- Primary Research: Similar to this HubSpot report, primary research helps identify more significant trends in audiences or the industry. For example, several research firms and social listening companies offer free access to reports and surveys. This is their approach to demand generation marketing. I recently wrote a post about Gen Z shopping habits, which I sourced from eMarketer.
Message Repetition Should Drive Demand Generation Strategy
How often have you hummed to yourself the tune, “Nationwide is on your side”? I do it all the time. Message repetition happens when brands consistently and repetitively target audiences with brand messages. Of course, this is much easier for brands with larger digital marketing budgets. However, over the years, several reports and studies have revealed that consumers must see/hear a brand message 3-to five times before they “believe.” And because today’s consumer has a very complicated and unpredictable shopper journey, this data point becomes much more critical.
Retargeting through marketing automation is one way to ensure you reach the same audience more than once. This can be done with Facebook, LinkedIn, YouTube, and other social channels.
Integrate Influencers in Demand Generation Marketing
One thing I found interesting in the HubSpot report was that influencer marketing was missing from this survey. Not sure why. This is a massive disconnect for marketers who are managing demand gen strategy.
Integrating a brand influencer program into demand-gen marketing initiatives can help augment and amplify existing programs and campaigns. I think brands must have “always-on” versus campaign-specific influencer programs for many of the reasons listed above. An integral part of any influencer program is integrating a content collaboration. This could look like a series of guest posts hosted on the company blog, the influencer’s blog, or a series of YouTube videos. The key here is that the program must encompass more than just Instagram, TikTok, or other short-form video collaborations. This is because the content shelf-life for long-form content (and YouTube) lives forever in Google search. This is not the case for other platforms.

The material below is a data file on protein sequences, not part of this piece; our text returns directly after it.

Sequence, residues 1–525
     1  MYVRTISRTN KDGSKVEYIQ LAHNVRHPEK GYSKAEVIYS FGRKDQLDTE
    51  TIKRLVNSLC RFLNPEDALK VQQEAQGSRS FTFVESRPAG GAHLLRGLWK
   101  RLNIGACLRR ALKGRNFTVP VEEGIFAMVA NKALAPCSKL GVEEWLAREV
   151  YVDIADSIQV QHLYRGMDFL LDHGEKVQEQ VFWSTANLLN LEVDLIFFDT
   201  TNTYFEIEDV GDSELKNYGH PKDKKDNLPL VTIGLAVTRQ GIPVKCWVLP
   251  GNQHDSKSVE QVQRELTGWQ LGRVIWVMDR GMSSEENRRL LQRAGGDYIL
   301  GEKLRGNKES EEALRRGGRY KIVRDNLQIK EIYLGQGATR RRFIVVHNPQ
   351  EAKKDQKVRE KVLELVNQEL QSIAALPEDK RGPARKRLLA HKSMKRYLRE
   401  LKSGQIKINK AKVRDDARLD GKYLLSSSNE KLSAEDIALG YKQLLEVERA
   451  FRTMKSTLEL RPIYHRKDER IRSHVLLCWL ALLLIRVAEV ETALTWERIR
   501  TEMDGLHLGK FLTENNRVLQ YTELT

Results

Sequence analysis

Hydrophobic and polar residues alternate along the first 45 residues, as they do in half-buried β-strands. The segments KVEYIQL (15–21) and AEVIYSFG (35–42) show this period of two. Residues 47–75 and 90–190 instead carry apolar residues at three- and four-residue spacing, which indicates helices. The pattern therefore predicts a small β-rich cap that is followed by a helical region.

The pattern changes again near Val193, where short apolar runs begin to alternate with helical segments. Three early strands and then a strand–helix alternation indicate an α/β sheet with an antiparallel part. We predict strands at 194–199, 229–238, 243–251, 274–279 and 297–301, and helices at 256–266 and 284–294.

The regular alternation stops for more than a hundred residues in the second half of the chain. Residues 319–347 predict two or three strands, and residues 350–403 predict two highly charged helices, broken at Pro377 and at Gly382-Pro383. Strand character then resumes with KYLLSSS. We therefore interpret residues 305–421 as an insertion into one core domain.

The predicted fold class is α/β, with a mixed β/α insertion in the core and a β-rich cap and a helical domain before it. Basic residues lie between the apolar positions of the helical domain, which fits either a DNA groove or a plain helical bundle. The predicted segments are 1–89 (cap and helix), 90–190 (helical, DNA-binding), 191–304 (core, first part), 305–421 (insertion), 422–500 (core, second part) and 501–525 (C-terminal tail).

Demand generation marketing takes time. It requires a long-term strategy with goals, objectives, and integration points. Integrating influencers into lead generation programs guarantees you will get high-quality leads.
How to Measure Demand Generation Marketing?
A successful B2B demand generation strategy will include a measurement approach comprising all marketing efforts, including public relations, content marketing, social media, events, and customer marketing. Top-of-the-funnel metrics that drive awareness and interest will be just as critical as delivering quality leads and sales.
The best practice for measuring demand generation in any business is to map all marketing programs to the B2B sales funnel. This is the most effective way to reach your target audience with content that converts. Here’s an example of what that might look like: